That’s why City Monitor is now a global publication dedicated to the future of cities everywhere – not just in the UK (nor for that matter just in the US, where I live). Our mission is to help our readers, many of whom are in leadership positions around the globe, navigate how cities are changing and discover what’s next in the world of urban policy. We’ll do that through original reporting, expert opinion and most crucially, a data-driven approach that emphasises evidence and rigorous analysis. We want to arm local decision-makers and those they work in concert with – whether that’s elected officials, bureaucratic leaders, policy advocates, neighbourhood activists, academics and researchers, entrepreneurs, or plain-old engaged citizens – with real insights and potential answers to tough problems. Subjects we cover include transportation, infrastructure, housing, urban design, public safety, the environment, the economy, and much more.

The City Monitor team is made up of some of the most experienced urban policy journalists in the world. Our managing editor is Adam Sneed, also a CityLab alum where he served as a senior associate editor. Before that he was a technology reporter at Politico. Allison Arieff is City Monitor’s senior editor. She was previously editorial director of the urban planning and policy think tank SPUR, as well as a contributing columnist for The New York Times. Staff writer Jake Blumgart most recently covered development, housing and politics for WHYY, the local public radio station in Philadelphia. And our data reporter is Alexandra Kanik, whose previous roles include data reporting for Louisville Public Media in Kentucky and PublicSource in Pittsburgh, Pennsylvania.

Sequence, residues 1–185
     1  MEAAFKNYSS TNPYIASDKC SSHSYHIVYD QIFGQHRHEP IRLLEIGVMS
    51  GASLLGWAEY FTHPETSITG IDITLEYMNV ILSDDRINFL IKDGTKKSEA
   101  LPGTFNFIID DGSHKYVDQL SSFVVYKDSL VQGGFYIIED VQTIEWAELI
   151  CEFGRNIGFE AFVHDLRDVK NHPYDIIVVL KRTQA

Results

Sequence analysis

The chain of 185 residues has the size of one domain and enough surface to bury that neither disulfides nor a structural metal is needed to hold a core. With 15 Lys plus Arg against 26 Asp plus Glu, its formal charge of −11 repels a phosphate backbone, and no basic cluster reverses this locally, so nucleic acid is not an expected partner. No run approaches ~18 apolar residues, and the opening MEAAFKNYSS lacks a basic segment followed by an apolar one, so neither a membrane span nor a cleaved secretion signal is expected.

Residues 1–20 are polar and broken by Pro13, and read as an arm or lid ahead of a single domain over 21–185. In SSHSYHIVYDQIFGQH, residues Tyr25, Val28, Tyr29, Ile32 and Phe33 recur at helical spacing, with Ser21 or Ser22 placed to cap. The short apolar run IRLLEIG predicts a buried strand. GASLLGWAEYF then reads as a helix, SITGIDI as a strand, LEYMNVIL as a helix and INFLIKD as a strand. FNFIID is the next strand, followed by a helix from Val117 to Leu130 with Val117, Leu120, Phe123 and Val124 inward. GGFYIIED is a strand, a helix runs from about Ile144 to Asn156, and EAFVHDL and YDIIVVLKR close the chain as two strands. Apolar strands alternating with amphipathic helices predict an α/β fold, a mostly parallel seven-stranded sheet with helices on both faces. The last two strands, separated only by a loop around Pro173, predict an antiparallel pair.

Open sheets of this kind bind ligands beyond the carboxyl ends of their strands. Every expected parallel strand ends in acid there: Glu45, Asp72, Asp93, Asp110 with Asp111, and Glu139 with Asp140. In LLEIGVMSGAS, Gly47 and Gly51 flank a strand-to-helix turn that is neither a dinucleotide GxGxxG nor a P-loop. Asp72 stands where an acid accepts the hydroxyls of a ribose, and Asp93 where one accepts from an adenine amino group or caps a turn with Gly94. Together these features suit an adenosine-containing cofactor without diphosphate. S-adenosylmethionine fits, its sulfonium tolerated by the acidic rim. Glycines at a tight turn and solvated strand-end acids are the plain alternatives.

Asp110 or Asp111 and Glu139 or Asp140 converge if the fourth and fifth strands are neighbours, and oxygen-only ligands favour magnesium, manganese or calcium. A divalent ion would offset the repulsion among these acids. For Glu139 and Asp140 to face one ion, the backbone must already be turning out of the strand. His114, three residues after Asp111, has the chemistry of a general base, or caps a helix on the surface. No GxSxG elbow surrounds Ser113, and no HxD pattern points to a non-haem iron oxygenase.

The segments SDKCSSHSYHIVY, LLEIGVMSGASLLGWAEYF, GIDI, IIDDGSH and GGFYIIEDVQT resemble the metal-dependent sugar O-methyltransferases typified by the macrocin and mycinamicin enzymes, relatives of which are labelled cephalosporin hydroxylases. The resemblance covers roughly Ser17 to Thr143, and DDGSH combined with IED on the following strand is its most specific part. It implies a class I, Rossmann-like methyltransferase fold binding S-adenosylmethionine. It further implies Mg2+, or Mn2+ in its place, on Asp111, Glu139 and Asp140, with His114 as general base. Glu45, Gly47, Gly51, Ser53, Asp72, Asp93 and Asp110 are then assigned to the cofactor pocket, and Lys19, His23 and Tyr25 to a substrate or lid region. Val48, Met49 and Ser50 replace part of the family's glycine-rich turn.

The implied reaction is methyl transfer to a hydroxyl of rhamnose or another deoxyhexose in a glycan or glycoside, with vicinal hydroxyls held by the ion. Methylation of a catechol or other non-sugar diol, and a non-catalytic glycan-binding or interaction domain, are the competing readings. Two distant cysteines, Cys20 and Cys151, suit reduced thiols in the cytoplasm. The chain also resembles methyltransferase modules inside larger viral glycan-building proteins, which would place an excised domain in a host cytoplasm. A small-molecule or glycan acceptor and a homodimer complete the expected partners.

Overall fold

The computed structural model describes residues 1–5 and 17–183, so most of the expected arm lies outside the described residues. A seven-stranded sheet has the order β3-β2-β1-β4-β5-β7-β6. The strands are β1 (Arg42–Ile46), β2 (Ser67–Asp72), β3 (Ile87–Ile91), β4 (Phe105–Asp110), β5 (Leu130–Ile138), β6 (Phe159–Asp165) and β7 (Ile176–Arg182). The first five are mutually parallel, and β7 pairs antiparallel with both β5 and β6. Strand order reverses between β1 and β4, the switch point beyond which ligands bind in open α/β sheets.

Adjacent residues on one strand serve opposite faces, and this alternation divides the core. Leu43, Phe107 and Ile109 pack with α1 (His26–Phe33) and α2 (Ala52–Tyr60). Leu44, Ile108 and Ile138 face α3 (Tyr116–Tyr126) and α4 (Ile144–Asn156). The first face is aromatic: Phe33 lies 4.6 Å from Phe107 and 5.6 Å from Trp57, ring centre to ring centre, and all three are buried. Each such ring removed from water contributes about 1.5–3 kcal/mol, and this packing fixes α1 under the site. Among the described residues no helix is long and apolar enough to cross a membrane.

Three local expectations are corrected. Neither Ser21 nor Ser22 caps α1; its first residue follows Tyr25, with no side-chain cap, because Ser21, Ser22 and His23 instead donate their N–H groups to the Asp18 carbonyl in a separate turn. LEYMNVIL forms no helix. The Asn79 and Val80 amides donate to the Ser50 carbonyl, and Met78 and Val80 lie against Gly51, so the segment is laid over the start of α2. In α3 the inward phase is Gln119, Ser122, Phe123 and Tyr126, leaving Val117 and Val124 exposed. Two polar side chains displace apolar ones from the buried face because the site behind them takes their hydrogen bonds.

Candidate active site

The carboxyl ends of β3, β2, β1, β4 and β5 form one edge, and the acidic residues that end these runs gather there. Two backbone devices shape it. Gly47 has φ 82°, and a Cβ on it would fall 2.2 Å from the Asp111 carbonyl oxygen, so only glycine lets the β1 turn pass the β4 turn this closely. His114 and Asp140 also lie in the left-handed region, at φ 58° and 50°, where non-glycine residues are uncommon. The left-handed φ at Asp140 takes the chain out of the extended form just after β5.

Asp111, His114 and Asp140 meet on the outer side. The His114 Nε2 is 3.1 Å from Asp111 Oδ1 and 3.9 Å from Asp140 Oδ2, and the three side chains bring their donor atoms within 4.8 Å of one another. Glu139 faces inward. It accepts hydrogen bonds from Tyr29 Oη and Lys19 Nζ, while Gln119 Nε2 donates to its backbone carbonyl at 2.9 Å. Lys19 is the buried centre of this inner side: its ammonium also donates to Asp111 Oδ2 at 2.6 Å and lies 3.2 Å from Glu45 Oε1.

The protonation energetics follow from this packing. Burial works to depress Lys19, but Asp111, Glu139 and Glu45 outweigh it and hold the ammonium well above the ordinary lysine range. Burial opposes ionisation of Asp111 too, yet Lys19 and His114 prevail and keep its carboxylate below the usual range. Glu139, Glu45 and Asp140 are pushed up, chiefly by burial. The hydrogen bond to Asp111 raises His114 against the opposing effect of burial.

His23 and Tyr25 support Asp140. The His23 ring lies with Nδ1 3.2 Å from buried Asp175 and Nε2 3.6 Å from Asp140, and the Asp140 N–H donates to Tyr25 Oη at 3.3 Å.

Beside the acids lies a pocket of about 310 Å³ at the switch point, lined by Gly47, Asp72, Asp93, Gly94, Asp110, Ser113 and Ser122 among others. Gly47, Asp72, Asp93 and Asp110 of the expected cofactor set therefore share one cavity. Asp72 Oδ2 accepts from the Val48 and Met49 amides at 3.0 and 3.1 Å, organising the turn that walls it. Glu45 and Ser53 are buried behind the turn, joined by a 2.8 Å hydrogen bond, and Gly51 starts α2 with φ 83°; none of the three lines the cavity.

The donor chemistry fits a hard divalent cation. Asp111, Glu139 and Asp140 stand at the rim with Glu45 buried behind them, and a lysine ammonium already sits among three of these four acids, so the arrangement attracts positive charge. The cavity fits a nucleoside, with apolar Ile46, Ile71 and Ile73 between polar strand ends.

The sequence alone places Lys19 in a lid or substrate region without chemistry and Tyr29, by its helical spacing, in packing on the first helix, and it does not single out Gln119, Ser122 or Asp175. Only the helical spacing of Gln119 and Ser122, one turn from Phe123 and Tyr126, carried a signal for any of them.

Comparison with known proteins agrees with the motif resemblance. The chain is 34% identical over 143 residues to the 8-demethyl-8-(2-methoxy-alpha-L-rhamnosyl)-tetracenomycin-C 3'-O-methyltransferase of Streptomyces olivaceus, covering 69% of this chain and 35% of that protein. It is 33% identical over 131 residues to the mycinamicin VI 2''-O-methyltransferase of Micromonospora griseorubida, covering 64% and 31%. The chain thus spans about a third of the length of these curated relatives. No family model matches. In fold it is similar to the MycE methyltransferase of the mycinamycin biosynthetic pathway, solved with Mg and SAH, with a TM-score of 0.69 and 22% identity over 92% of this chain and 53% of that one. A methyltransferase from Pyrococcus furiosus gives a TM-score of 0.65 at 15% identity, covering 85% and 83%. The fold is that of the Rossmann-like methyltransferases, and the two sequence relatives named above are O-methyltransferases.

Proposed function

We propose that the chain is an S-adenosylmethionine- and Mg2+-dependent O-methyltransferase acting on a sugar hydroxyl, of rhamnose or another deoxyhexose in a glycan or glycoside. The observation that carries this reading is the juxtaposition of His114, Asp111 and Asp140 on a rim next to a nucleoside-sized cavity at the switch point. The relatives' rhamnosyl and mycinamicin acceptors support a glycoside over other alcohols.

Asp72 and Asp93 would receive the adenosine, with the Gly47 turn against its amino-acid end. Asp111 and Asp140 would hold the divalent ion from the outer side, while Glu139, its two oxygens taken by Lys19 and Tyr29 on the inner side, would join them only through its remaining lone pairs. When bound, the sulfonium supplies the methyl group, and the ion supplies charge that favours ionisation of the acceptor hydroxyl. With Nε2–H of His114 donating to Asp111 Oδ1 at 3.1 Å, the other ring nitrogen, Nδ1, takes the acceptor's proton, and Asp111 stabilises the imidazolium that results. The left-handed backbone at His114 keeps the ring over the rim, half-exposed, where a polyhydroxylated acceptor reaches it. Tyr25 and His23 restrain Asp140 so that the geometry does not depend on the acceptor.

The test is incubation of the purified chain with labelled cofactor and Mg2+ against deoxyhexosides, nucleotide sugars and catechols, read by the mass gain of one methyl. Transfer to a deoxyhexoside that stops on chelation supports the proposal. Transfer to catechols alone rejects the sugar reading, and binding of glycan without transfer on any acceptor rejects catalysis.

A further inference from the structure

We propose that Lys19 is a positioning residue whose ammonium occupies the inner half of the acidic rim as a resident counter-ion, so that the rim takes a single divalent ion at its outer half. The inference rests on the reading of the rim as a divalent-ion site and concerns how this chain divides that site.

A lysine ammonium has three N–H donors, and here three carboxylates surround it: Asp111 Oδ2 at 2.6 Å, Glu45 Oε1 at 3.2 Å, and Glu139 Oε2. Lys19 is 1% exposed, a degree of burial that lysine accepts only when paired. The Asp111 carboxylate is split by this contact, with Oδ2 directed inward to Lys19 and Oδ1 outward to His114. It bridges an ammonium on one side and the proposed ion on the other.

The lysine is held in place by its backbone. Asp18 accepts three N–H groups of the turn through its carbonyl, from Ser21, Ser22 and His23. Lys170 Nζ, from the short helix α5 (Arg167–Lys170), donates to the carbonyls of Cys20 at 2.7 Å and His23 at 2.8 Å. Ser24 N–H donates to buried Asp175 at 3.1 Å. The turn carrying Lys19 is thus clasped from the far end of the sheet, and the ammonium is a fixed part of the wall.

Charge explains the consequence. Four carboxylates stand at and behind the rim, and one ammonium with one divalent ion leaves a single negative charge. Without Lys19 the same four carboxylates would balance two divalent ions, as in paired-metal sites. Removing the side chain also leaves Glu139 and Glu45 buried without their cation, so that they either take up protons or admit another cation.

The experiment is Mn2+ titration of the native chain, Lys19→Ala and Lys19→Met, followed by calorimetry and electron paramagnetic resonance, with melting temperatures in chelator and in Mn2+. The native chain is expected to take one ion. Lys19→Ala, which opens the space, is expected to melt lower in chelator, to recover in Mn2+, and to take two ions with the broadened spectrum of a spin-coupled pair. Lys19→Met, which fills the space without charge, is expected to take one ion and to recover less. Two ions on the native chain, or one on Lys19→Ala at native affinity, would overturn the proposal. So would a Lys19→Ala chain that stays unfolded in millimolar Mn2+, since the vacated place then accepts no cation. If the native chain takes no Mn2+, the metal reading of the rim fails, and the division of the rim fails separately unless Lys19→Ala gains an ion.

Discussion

Our team will continue to grow in the coming weeks, and we’ll also be collaborating closely with our editorial colleagues across New Statesman Media Group. In fact, we’re launching a whole network of new publications, covering topics such as the clean energy transition, foreign direct investment, technology, banks and more. Many of these sectors will frequently overlap with our cities coverage, and a key part of our plan is make the most of the expertise that all of these newsrooms combined will bring to bear on our journalism.

Please visit going forward, where you can also sign up for our free email newsletter.

As for CityMetric, some of its archives have already been moved over to the new website, and the rest will follow not long after. If you’re looking for a favourite piece from CityMetric’s past, for a time you’ll still be able to find it here, but before long the whole archive will move over to City Monitor.

On behalf of the City Monitor team, I’m thrilled to invite you to come along for the ride at our new digs. You can follow City Monitor on LinkedIn and on Twitter. If you’re interested in learning more about the potential for a commercial partnership with City Monitor, please get in touch with our director of partnerships, Joe Maughan.

I want to thank and congratulate Jonn Elledge on a brilliant run. Everything we do from here on out will be building on the legacy of his work, and the community that he built here at CityMetric. Cheers, Jonn!

To our readers, on behalf of the City Monitor team, thank you from all of us for being such loyal CityMetric fans. We couldn’t have done any of this without you.

Sommer Mathis is editor-in-chief of City Monitor.